Are you listening to the Drill Channel, or do we have (another) situation here?
August 19, 2011 1:28 PM   Subscribe

When the police drill through to insert a surveillance camera, how do they do it stealthily?

I was reading this story where such a device was used and of course thought of the million of times I've seen it in movies and film: drill a hole, stick the probe up stealthily, take a look around.

Reality however makes me think of some combination of wood, plasterboard or pad and carpet that would have to be gotten through and the attendant gnawing through of each. In my own experience none of these are particularly stealthy to work through and even a hand drill (ugh) is going to provide some crunching. Perhaps they just roll with it, but it seems like that would imperil the camera and obviate much benefit of a low-profile camera.
posted by Ogre Lawless to Law & Government (9 answers total) 1 user marked this as a favorite
I imagine they do it when nobody's home.
posted by Jon_Evil at 1:44 PM on August 19, 2011 [2 favorites]

Reading the story, they don't necessarily imply that this was done stealthily as they did it after communication had broken down. There's not really a good way to drill through things without making noise or upsetting things a bit, though cameras can now fit into pretty small holes. Most of the time when surveillance is set up they do it when folks aren't around. There was a good NPR story a couple weeks ago about the FBI teams that do just this kind of work and how they get things done.
posted by pappy at 1:48 PM on August 19, 2011

Response by poster: Reading the story, they don't necessarily imply that this was done stealthily as they did it after communication had broken down.

That's probably the ticket: I'd envisioned some kind of Mission Impossible scenario. Seems like it'd be a bit chancy given that it would seem to give your projectile throwing suspect a pretty good idea about where you might be on the other side of the wall/floor/ceiling (though most of my visions of shooting through them comes from similar Hollywood fantasies).
posted by Ogre Lawless at 2:07 PM on August 19, 2011

I think the best book I've read about this kind of thing (including this specific thing, and the particular problem of the dirt/debris a drill may push through into the room) was Spycraft, which spent a lot of time in particular on Cold War tech that was not necessarily small or wireless or quiet.

But yeah, for the most part the trick was doing it when nobody's home and without arousing the suspicion of anyone who might be paying attention.
posted by Lyn Never at 2:18 PM on August 19, 2011 [1 favorite]

An old fashioned brace and bit can be nearly silent, if the bit is of the proper type, is sharp and if the person using the tools knows what they're doing. Brace bits come in a lot of types, from very precise wood boring Forstner bits to "standard" twist bits like you might use in any electric drill, but with shanks shaped for the brace jaws. The careful and experienced brace workman will choose bits appropriate for the material being drilled, and use good practices like drilling pilot holes when conditions warrant. Done properly, a brace drilled hole can be much better than a power drilled hole, because the brace readily transmits information about the state of the bit and its progress in drilling that is entirely masked by power drills.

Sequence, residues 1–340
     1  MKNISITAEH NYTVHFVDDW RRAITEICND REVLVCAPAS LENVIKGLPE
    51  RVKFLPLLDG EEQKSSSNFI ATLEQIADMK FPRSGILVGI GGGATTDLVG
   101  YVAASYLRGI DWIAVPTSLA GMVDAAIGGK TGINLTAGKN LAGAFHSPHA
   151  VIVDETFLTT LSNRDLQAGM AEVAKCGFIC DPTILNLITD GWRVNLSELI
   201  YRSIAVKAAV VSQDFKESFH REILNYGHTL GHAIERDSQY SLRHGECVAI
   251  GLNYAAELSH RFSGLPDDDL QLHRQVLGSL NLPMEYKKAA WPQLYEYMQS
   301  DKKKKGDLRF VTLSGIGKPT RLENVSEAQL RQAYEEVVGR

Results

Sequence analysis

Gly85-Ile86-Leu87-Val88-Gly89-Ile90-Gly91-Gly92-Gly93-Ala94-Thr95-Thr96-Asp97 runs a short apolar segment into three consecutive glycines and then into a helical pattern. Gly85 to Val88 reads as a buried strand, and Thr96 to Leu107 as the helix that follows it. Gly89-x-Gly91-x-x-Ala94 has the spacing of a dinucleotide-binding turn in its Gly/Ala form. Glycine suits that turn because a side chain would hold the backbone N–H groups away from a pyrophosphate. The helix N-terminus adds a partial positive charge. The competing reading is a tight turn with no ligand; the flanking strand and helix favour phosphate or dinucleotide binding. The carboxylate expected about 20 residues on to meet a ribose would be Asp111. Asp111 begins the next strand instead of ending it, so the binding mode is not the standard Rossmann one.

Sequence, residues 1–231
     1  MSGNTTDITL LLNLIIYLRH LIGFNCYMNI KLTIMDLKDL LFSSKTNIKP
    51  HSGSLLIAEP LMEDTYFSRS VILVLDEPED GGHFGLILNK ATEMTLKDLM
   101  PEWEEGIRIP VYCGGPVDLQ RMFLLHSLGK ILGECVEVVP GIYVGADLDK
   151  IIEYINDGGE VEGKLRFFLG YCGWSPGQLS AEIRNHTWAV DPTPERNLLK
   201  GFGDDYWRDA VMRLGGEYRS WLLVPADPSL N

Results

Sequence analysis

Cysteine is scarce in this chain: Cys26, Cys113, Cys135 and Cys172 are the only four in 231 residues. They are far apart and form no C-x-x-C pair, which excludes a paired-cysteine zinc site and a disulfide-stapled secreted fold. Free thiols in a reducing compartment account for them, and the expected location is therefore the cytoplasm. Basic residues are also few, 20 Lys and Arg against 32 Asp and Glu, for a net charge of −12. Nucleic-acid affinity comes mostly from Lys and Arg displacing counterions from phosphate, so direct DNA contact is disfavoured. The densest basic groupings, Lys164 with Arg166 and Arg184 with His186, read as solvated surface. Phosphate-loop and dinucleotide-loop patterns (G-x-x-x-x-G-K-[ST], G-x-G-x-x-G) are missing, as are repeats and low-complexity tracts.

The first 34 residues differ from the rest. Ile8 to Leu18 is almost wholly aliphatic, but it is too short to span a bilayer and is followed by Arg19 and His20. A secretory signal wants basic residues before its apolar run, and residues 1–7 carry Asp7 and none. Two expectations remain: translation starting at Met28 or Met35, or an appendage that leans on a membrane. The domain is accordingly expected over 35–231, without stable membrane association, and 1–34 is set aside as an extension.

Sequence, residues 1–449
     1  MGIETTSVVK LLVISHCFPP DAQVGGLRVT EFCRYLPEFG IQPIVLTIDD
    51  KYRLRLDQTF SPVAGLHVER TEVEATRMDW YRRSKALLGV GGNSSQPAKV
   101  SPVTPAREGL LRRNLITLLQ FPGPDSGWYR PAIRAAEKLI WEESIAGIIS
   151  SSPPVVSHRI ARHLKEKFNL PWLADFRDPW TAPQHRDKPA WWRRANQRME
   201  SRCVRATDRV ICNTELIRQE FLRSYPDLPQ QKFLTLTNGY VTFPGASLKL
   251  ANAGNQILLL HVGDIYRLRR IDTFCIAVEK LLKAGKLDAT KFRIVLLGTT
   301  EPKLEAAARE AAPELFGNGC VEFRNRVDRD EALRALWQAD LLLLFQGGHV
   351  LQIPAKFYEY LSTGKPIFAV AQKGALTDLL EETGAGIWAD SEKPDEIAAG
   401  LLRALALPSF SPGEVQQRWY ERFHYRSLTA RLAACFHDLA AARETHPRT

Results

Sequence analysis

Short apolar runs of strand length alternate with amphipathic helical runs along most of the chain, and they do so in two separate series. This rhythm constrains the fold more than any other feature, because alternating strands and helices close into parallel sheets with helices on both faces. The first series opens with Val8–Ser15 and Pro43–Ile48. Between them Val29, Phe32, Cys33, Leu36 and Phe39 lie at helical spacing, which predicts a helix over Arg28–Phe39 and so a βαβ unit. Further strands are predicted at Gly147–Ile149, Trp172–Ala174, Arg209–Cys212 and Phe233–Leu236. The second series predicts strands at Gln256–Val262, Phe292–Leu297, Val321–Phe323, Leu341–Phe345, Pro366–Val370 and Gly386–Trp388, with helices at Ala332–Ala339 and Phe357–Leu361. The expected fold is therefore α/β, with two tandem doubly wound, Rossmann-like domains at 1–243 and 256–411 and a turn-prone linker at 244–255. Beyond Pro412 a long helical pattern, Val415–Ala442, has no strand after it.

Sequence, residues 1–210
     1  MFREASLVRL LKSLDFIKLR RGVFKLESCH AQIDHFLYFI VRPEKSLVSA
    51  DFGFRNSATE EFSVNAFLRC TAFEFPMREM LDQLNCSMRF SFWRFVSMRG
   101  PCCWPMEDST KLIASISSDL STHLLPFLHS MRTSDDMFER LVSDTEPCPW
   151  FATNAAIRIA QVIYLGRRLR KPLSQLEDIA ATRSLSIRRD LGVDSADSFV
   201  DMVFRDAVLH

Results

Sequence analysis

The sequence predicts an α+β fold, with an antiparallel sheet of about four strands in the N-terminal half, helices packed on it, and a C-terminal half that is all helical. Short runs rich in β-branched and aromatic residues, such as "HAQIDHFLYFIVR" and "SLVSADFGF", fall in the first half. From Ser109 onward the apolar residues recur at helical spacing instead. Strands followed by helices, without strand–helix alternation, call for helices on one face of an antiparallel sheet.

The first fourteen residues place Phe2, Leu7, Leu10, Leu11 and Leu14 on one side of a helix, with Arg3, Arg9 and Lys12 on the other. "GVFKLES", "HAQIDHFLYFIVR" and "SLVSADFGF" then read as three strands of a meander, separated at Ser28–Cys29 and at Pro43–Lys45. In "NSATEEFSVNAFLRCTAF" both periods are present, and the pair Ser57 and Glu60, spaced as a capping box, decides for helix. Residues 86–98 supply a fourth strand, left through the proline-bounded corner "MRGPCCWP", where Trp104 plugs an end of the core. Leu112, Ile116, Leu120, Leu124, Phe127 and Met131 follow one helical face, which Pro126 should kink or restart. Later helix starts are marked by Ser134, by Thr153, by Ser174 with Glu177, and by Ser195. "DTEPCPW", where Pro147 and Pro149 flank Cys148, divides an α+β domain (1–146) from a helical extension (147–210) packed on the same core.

posted by paulsc at 3:11 PM on August 19, 2011

Seconding the brace and bit. It's amazing just how much feedback you can get through the tool. With a nice, sharp bit, you could easily get almost all the way through the wall nearly silently. For the last few rotations, swap out the brace for a hand-held bit holder. With a nice sharp bit, you can still work fairly easily and silently.

In your other hand, you could use a small vacuum to capture any small debris before it fell out the other side to leave a telltale. I'd imagine you could devise a sort of one-time, short-duration vacuum using a sealed tube under vacuum, like they draw blood with. Wouldn't draw for long, but with practice, it'd get the job done, and almost completely silently.
posted by xedrik at 3:25 PM on August 19, 2011

From Wikipedia: During the Iranian Embassy siege in 1980, the hostage takers could hear the SAS drilling in the walls to plant bugs. They then started a public works drilling project in the street to provided cover noise, and when that made the hostage takers suspicious, they called it off and had Heathrow bring lower the flight paths of the planes approaching the airport.
posted by indyz at 4:15 PM on August 19, 2011

This Australian documentary/film (link includes preview) which includes the birth of ASIO (Australian Security and Intelligence Organisation) has an amusing sequence where the ASIO dudes drill through a ceiling, totally botch it up, and have to break in to fix it, and in the process alert the Russian guys who they were trying to covertly record.
posted by titanium_geek at 4:18 PM on August 19, 2011 [1 favorite]

IIRC, the book Spycatcher also described many such instances. Everything was done at some pretext or another, but usually repairs of some sort.
posted by vidur at 7:25 PM on August 19, 2011

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